MOVED that Management is authorized to proceed with an expanded renovation project at the Woodbury facility at an estimated over budget variance of $59,000, and to effect savings in other 1989 budgeted Building Maintenance Projects in the amount of $54,000, so that the net over budget cost for these projects is held to $5,000 in 1989.

  2. Report on Long Term Investments as of 30 June 1989
    Bent called attention to this report which had been prepared for the Investment Advisory Committee by Gilbert. This was provided here for information only. Wilson asked that his objection to investment in arbitrage, in principle and on ethical grounds, be included once again in the record.

    Several suggested a review of arbitrage investments on the basis of recent circumstances.

  3. Touche Ross & Co 1988 Audit Letter
    A letter, dated 22 May 1989, from Touche Ross & Co. was distributed with the agenda materials for information only. It will be presented to the Audit Committee at their meeting prior to the Governing Board meeting in October.

  4. 1990 Budget Guidelines
    This topic was not discussed at this meeting.

6. Human Resources

  1. Implementation of Adjustments for Non-Exempt Employees
    Braun, Director of Human Resources, reported that the overall salary adjustments for nonexempt employees had taken effect on 1 July 1989. There remain a few equity adjustments to be made. There are sufficient funds in the 1989 salary budget to handle these adjustments, totaling $86,653, without a budget revision, largely the result of the fact that a number of authorized positions have been vacant.

  2. Status of Study for Exempt Employees
    Braun reported that AIP and ORC are about three-fourths of the way through the analysis of these employees. Adjustments to minimum for exempt employees are to be effective as of 1 September. Equity adjustments will be handled during the normal review process when applicable.

    Braun was asked why the consultants seem to be recommending higher midpoints for each grade level than the market seems to indicate. She replied that in some cases AIP values the position more highly than does the external market. She also commented that the AIP stated job responsibilities often do not parallel outside market descriptions.

7. Long Range Planning
(A copy of Operational Planning, Executive Summary Report, *Draft* is attached to the official minutes of this meeting as Appendix A.)

Beverly Fearn Porter, Chair of the Long Range Planning Committee, reviewed the work of the committee, and the draft of its Operational Planning, Executive Summary Report which had been sent to the Executive Committee prior to the meeting. The development of this report involved intensive discussions over the past eight months, leading to the completion of Divisional Operational Plans which contain detail plans for the attainment of approved goals. She said that in most cases this has been a completely new, difficult, and enlightening process for the division managers. She invited comments on the executive summaries of these divisional plans, contained in the draft report, and emphasized that each of the full plans were available on request. Finally, she called attention to the ongoing process of long range planning as outlined on the final page of the report.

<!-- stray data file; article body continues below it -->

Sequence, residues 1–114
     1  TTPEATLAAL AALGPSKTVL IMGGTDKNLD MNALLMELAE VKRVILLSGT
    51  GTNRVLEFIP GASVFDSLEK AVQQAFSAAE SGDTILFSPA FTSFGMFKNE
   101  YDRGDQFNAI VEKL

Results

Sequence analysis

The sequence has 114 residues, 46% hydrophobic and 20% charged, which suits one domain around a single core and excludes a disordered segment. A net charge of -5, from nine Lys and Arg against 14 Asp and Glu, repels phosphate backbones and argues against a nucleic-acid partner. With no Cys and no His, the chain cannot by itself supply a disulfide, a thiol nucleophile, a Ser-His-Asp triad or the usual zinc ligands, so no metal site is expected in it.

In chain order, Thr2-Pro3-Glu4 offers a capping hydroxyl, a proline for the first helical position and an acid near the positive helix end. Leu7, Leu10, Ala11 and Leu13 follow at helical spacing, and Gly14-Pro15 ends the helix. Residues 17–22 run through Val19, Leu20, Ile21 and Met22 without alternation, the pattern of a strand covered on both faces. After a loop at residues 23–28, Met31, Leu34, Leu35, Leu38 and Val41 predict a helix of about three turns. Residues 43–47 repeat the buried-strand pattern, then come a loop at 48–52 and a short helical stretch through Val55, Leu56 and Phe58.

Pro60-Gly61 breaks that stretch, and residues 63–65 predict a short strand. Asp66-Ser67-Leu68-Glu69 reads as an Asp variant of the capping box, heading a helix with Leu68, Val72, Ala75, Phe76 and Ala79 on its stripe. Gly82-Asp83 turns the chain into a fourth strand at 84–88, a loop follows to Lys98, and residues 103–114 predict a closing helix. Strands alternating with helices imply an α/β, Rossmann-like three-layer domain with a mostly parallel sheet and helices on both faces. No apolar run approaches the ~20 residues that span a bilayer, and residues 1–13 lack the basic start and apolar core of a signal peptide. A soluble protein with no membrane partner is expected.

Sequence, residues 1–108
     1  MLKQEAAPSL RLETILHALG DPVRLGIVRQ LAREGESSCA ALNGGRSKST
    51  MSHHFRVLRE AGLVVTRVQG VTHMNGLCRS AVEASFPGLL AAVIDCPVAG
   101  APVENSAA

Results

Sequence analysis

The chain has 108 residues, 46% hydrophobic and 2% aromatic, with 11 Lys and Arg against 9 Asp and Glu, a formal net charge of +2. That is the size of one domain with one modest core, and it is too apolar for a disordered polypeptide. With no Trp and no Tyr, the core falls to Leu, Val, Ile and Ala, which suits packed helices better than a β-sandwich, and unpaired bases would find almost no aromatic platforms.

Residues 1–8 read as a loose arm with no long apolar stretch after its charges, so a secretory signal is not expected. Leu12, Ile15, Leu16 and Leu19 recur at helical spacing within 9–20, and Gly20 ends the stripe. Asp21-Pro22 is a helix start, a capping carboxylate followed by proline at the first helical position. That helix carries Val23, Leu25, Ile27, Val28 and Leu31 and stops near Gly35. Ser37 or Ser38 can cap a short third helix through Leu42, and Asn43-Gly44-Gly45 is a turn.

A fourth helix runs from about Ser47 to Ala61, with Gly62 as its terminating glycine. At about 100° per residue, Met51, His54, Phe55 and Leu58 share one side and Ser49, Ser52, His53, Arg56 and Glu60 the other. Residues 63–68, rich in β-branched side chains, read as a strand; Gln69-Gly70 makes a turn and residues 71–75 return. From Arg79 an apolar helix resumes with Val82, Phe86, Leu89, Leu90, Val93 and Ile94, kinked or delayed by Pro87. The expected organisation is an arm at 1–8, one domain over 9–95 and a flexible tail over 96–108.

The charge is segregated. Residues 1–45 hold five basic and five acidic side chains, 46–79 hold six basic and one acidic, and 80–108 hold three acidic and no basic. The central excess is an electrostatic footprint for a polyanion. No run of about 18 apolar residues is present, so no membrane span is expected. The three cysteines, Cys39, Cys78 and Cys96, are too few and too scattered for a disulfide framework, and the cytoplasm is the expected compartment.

Frauenfelder said that there is a need to promote and emphasize the necessity of cooperation with the Member Societies, and to seek ways to help the Member Societies to achieve their goals. He called for comments.

Beyer said the membership of the Societies expect service; this is why AIP came into being and what it should be doing. Smith added that the service aspect needs to be highlighted more.

Smith asked whether there was a general fear of competition with AIP on the part of the Member Societies? He has heard APS express this concern, but not the other Member Societies.

Havens said that there is a problem with identification and therefore with competition as APS and AIP are viewed by many as being synonymous.

Wilson said that, within AAPT, there is a concern about competition, as AAPT, APS, and AIP all are involved in educational activities which is the major interest of AAPT. He agreed with Frauenfelder's comments that projects within the Physics Programs branch required cooperation and consultation with the Member Societies.

8. FAMIS Status Report
Ingoldsby, Director of Information Technology, presented the following report. He said that he expects the FAMIS system to be fully operational in time for renewal billing in October. He then reviewed the status of the development of the various components of FAMIS. He stated that, "other than the issue of performance of the system, no significant problems remain with Oracle's Wang version". It is expected that parallel tests on the FAMIS and UNIVAC systems will take place beginning in November and run for approximately one month before cutover is complete. Still outstanding is renewal billing selection, which is now in the final testing stage; samples will be generated for Member Society approval shortly.

Ingoldsby reported that electronic transfer of APS data has been tested and they are satisfied that AIP can produce labels for their non-member journals.

Ingoldsby next reviewed the steps that have been taken since the June meeting to identify and to correct problems in the response time of the ORACLE/WANG system. He also discussed briefly the performance work-around scheme which involved the purchase of additional disk storage. This has made it possible for inquiries of the database to be done separately via an indexed file, with file maintenance continuing in parallel using the relational database. With the additional disk storage, labels are now being generated in adequate time.